Talking Hands: What Sign Language Reveals About the Mind

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Simon and Schuster, 2007 - Language Arts & Disciplines - 354 pages
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Imagine a village where everyone "speaks" sign language. Just such a village -- an isolated Bedouin community in Israel with an unusually high rate of deafness -- is at the heart of Talking Hands: What Sign Language Reveals About the Mind. There, an indigenous sign language has sprung up, used by deaf and hearing villagers alike. It is a language no outsider has been able to decode, until now.

A New York Times reporter trained as a linguist, Margalit Fox is the only Western journalist to have set foot in this remarkable village. In Talking Hands, she follows an international team of scientists that is unraveling this mysterious language.

Because the sign language of the village has arisen completely on its own, outside the influence of any other language, it is a living demonstration of the "language instinct," man's inborn capacity to create language. If the researchers can decode this language, they will have helped isolate ingredients essential to all human language, signed and spoken. But as Talking Hands grippingly shows, their work in the village is also a race against time, because the unique language of the village may already be endangered.

Talking Hands offers a fascinating introduction to the signed languages of the world -- languages as beautiful, vital and emphatically human as any other -- explaining why they are now furnishing cognitive scientists with long-sought keys to understanding how language works in the mind.

Written in lyrical, accessible prose, Talking Hands will captivate anyone interested in language, the human mind and journeys to exotic places.

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LibraryThing Review

User Review  - EowynA - LibraryThing

Half of this book is the story of a group of linguists during a three-day field-studies visit to the village of Al-Sayyid. The village is interesting to linguists because a lot of deaf people were ... Read full review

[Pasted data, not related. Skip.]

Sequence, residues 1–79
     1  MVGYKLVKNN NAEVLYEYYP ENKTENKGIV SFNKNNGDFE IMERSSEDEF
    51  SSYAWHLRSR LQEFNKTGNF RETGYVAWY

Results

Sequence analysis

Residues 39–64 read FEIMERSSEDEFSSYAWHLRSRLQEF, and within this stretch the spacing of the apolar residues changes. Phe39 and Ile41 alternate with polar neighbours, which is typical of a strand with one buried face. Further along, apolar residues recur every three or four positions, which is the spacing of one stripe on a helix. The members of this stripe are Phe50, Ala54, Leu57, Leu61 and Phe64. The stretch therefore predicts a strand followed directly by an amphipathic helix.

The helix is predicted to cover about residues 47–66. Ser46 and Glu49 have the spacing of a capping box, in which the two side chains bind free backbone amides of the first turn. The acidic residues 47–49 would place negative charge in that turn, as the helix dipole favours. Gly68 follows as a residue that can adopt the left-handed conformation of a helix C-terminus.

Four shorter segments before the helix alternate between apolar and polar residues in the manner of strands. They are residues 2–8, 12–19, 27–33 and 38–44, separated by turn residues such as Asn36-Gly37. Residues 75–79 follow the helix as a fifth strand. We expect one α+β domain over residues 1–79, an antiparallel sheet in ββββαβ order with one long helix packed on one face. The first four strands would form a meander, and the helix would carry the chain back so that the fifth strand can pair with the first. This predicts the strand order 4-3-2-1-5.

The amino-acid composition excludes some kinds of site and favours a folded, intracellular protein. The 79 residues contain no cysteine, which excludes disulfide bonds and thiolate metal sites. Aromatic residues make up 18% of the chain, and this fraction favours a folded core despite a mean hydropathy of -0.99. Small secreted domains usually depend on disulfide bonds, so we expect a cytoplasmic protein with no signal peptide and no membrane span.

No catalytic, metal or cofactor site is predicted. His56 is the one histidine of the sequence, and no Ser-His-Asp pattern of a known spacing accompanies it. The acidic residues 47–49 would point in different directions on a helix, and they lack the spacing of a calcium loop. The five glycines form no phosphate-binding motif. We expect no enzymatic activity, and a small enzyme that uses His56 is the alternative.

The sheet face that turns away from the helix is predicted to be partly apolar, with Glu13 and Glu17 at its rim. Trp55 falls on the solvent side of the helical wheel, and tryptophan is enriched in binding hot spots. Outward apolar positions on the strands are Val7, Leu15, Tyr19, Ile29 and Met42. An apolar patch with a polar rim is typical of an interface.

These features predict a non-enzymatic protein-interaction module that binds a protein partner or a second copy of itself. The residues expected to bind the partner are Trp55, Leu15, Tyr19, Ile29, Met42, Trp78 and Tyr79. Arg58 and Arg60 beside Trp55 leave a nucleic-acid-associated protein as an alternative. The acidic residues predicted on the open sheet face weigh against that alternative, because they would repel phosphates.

User Review  - Kirkus

A New York Times reporter considers the case (and the significance) of a unique sign language that has emerged among the many congenitally deaf denizens of an isolated Bedouin village in northern ... Read full review


In the Village of the Deaf
What Is This Wonderful Language?
The Road to AlSayyid
The SignLanguage Instinct
Starry Night
The Atoms of Sign
The House of Blue Roses
The Web of Words
The House Built from the Second Story Down
Grammar in Midair
Hassans House
A Sign in Mind
The House of Twenty Children
In a Wet Place

Everyone Here Speaks Sign Language

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About the author (2007)

Margalit Fox is a public speaker and an award-winning reporter in the famed obituary news department of The New York Times as well a former New York Times Book Review editor. Fox has a master's degrees in linguistics from Stony Brook University and a masters degree from Columbia Journalism. she lives in Manhattan with her husband, the writer and critic George Robinson..

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